Elections: There’s still hope for Nigeria

By Bunmi Ishola


IN Ukwani Local Government Area of Delta State, it was a period of mourning on February 25 after the presidential and National Assembly elections were held.  An INEC official whose name was withheld was shot dead on his way to deliver the election results. In the same vein, the chairman of Ezza North Traditional Rulers’ Council, HRH Eze Igbokwe Ewa, was shot dead right inside his palace on February 27. It was alleged that the action was carried out by political hoodlums who invaded his residence and shot him dead while his children ran for their lives to avoid same fate as they were also threatened. The royal father was said to be supporting a particular party candidate, which did not go well with the other party. A woman, Jennifer Seifegha, was stabbed in the face at the Nuru/Oniwo Ward polling unit 065 in Lagos state on the day of same election just because she refused to vote for a particular candidate. After going home to treat herself, she went back to the same poling unit with her plastered face to cast her vote despite all odds. These are some of the unpalatable and dreadful incidents that happened during the just concluded election in Nigeria. Many states recorded injuries and deaths during and after the elections. Some were abducted, some were maimed. These cases force one to begin to wonder what manner of election we still conduct in this part of the world despite all logistics.

It will be recorded that Professor Mohammad Yakubu, the chairman of the Independent National Electoral Commission (INEC), promised Nigerians a violent-free election with the introduction of the Bimodal Voter Accreditation System (BVAS). The plan was for the election results to be transmitted in real time through the INEC Results Viewing Portal (IReV) to INEC servers which can be viewed by all as election is in progress. This did not happen. Instead, results were read manually by Resident Electoral Officers and the INEC chairman before being uploaded. Many Nigerians asked the INEC boss to explain why he had to do something contrary to the Electoral Act. He was accused of disregarding the Electoral Act. As it is now, many Nigerians are saying the February 25 election was actually marred by violence, vote buying (It was alleged that a lot of political parties still found a way to share money and other goods at polling booths and some party agents were even caught on camera and shown on social media), election manipulation by some INEC officials and even party agents. Many voters were also disenfranchised due to  the non-functionality of the BVAS in many polling units all over the country. Results were changed in transit from voting units to collation centres, which could have been avoided if results were transmitted electronically as soon as voting ended at each polling unit.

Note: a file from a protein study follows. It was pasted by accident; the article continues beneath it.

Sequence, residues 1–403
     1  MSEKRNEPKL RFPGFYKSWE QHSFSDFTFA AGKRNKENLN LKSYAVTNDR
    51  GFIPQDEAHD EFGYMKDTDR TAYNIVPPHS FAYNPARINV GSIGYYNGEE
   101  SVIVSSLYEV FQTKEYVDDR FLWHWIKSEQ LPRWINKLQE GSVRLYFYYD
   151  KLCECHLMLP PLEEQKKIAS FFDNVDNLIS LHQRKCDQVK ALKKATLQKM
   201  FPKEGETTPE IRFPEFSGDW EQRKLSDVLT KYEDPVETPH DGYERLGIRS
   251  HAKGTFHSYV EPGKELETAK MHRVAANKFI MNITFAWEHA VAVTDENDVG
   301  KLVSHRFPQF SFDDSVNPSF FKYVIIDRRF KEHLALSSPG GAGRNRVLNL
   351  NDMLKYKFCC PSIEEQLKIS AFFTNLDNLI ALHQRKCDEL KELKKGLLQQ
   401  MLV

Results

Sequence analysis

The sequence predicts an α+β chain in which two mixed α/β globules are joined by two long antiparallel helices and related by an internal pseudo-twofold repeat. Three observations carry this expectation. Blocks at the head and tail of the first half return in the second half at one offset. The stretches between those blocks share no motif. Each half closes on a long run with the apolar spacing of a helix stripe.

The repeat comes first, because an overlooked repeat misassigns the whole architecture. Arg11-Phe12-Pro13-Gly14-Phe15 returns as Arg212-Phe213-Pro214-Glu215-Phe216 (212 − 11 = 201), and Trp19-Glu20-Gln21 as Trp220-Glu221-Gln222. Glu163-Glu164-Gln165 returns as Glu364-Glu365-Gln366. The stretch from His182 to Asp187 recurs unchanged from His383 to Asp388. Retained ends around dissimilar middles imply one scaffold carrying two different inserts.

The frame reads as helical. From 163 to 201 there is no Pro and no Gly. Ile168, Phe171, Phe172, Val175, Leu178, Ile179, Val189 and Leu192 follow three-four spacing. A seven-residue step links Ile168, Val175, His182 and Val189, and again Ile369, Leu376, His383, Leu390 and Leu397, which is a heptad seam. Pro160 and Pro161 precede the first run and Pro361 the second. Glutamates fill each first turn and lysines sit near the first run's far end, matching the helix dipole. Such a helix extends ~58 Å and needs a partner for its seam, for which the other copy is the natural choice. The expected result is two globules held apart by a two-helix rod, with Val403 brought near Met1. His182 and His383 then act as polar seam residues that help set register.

Many Nigerians are lamenting that this particular election is not better than all the previously conducted elections even though this is 2023 when many other nations have evolved. This election is not different as there was ballot snatching while security agents were accused of conniving with political parties to disrupt peace and disallow people to vote in peace. Many Nigerians are accusing INEC of being an instrument with which some parties compromised the election. It is alleged in many quarters, especially from political party agents like Senator Dino Melaye, that the results announced showed a lot of discrepancies with the actual results attested to by voters at polling units where results were counted in front of party agents. Be that as it may, it is a moment of reflection. With the way and manner by which politicians go about the conduct of elections, it is seen as something that must favour them at all costs, not minding whoever gets hurt or whatever it takes. It is glaring that we still have a long way to go regarding elections in this country. A lot of politicians see it as a ‘do-or-die’ affair and it clearly shows the motive is selfish. If truly it is for the service of humanity and the masses, there is definitely no need for violence or forcing the hands of people against their will. Every Nigerian should have been allowed to vote for their choice without any form of intimidation or any form of prejudice. No one needs to get killed or maimed for life just because of wanting to be a part of history by voting for their choices. No Nigerian life is worth anyone’s political ambition.

As the next elections draw closer, Nigerians want INEC and its chairman to correct the obstacles to a credible election. The BVAS machines should be checked and INEC should stick to what the Electoral Act provides, namely that elections should be transmitted electronically straight to the IReV and be made transparent. INEC officials should be allowed to their jobs without inhibition and anyone of them accused of having compromised during the February 25 election should be replaced with immediately. Political parties should work hand-in-hand and not against the people they claim they want to serve. INEC should stick to the Electoral Act stated and transmit results electronically. Party agents should be screened thoroughly and anyone constituting any form of nuisance should be arrested and bundled out of voting centres. The security agents should not be involved in causing any form of trouble at polling units but should be made to uphold law and order. Nigerians should know that no amount of money is worth their mandate and they should reject anyone who wants to buy their conscience.

All forms of violence should be avoided and everyone should work towards conducting a worthy, verifiable and credible election. Violence and bloodshed need not be features of our election now or in future. Nigeria can still get it right.

  • Ishola is on the staff of Nigerian Tribune




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